Harlan Kredit, The Outdoors Instructor
High School Science Teacher, Lynden, Wash.
For 30 years, Kredit has used projects in the local Fishtrap Creek watershed as a focus of his curriculum. To date, his classes have raised over 2 million salmon in a student-built hatchery and planted 15,000 trees.
When I was a kid, Fishtrap Creek ran by my house, and I couldn't wait for fall to see those big fish running out of Puget Sound. By 1974 when I took the job at the high school, there were hardly any fish left.
For our first class project, we hatched 5,000 salmon eggs using a pump, a kiddie pool, and a fiberglass box that our boys made in shop. Since then we've really adopted this watershed-it's our stream. My senior biology class is in charge of the hatchery; my sophomores do the riparian-zone work, like planting trees. My first day with a new class, I say, "If there are any wusses, go to somebody else's classroom." We designate field trips by three levels: Slightly Grubby, Medium Grubby, and Maximum Grubby. Like this past year I had my sophomores at the elementary school in a downpour teaching fourth graders how to plant trees. If you want kids to invest in something, empower them to do it. Like our hatchery: I have a student manager who comes down on weekends because he doesn't want anything to go wrong on his watch. Or our smolt channel-when the bridge over it floated away, six students came out on a Saturday to get it back. And they take that responsibility into the community. I've had students come into class and say, "Mr. Kredit, we went fishing and saw so-and-so dumping antifreeze in a storm drain and we told him not to." I love kids, but more than that, I love to challenge those kids to take care of a place like this. And they're doing it. This past October, one of my students and his father and I were in the hatchery about 10 at night installing a generator, and suddenly we hear from the creek, splash-splash, splash. Sure enough, those big salmon were running.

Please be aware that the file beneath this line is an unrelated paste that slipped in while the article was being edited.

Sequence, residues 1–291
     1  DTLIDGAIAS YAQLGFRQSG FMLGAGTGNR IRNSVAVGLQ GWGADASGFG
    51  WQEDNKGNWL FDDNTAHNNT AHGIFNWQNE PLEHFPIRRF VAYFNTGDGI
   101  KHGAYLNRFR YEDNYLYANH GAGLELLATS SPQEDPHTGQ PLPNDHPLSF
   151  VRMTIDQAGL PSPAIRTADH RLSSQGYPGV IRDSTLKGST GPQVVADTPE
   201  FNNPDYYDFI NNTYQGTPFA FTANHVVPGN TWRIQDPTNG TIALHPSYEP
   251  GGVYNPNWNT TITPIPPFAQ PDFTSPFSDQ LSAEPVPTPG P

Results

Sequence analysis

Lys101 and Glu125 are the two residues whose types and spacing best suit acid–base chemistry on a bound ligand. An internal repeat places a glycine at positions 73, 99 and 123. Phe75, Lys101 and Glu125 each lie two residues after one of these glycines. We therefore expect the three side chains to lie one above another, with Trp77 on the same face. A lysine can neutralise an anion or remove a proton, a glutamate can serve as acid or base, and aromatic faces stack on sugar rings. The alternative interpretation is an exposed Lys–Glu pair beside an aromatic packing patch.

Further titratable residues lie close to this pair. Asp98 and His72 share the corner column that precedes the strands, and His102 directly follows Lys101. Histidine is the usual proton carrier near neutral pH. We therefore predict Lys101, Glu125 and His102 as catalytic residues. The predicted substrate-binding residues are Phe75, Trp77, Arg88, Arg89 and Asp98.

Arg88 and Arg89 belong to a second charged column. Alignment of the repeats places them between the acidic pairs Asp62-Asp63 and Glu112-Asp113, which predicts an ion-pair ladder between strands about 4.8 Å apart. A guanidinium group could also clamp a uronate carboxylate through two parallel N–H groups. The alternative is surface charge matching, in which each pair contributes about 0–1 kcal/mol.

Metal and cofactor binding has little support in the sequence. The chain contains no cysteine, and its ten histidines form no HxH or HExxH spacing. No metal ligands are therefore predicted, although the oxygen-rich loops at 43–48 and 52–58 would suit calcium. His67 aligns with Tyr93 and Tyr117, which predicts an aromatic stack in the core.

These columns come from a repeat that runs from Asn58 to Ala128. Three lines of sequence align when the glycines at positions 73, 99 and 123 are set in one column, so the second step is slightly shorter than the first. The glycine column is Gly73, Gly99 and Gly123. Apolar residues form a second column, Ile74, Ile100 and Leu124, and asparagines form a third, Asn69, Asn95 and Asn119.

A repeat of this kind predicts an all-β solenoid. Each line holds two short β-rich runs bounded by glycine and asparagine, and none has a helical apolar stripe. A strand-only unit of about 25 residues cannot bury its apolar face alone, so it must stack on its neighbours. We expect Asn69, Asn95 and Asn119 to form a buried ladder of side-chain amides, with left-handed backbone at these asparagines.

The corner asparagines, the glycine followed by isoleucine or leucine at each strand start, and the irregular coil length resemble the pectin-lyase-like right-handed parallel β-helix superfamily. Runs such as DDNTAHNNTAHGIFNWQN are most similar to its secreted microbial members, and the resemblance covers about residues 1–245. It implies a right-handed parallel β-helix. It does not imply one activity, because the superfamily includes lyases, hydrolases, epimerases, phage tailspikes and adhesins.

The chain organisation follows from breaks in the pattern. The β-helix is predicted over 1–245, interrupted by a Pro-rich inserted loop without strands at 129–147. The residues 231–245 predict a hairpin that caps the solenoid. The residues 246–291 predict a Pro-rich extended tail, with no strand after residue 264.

-- Kimberly Hiss